Welcome, children of the night! This Blog is for fans of vintage horror films as well as those who are just beginning to discover the joy of these classic movies. I'd love to hear from you!

Tuesday, March 15, 2011

Bedlam (1946)

Bedlam is a nice, little thriller that was produced by Val Lewton and directed by Mark Robson who worked on a number of other Val Lewton projects as well.  The setting is a mental institution in 18th century England where Master George Simms runs the show, and the living conditions inside the asylum are horrible.  Boris Karloff plays the role with excellence and shows off his considerable acting skills.  He appears to be enjoying himself in every scene and it draw you in immediately.  The other standout is Anna Lee [Whatever Happened to baby Jane, The Sound of Music] as Nell Bowen, the protege of wealthy Lord Mortimer, who tries to bring reform to the asylum and ends up getting involuntarily committed there herself.  She is absolutely wonderful and is a strong presence in every scene she's in.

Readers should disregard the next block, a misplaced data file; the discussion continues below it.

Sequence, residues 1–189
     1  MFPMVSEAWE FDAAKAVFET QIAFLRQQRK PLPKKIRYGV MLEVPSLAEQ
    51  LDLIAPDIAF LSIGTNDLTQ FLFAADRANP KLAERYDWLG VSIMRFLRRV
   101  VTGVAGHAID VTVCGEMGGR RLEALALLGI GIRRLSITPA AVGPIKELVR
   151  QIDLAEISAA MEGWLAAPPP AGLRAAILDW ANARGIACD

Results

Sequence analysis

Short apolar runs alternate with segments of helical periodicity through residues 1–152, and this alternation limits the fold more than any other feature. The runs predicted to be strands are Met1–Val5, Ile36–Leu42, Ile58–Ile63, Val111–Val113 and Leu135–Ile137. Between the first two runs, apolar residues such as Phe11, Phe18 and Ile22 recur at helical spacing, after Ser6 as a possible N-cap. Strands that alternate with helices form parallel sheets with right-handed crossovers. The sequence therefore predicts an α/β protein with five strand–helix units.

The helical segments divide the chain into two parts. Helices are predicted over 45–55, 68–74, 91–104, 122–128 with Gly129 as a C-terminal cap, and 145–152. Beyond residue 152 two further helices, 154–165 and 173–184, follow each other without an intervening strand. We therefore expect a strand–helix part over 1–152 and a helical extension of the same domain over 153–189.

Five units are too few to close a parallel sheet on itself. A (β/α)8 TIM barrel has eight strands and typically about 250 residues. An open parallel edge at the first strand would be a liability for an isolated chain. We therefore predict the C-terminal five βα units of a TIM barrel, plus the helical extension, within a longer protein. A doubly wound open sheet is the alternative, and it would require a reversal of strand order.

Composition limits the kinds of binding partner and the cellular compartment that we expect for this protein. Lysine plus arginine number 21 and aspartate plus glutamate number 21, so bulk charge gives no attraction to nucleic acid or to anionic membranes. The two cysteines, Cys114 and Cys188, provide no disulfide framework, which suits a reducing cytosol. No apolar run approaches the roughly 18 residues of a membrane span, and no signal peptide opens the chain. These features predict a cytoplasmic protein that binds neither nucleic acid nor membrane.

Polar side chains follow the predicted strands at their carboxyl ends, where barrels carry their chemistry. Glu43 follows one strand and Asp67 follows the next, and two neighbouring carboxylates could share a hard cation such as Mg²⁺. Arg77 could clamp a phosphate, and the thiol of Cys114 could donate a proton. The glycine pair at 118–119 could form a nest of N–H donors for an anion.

The sets and costumes are what you would expect for the period.  It's all powdered wigs, big dresses and beautiful furnishings [Except inside the asylum, of course]!  If you are a fan of Lewtons' other films, you won't be disappointed by this one.  It's definitely not a horror film and is better classified as a thriller.  There is also a lot of socio-political and religious commentary in it as well.  Watch for several nods to the work of Edgar Allan Poe, especially in the films conclusion.  It's not the kind of film that keeps you on the edge of your seat from start to finish but it's a well made film nonetheless.
RATING:  Very Good.
For more info check out the film's entry in IMDB.

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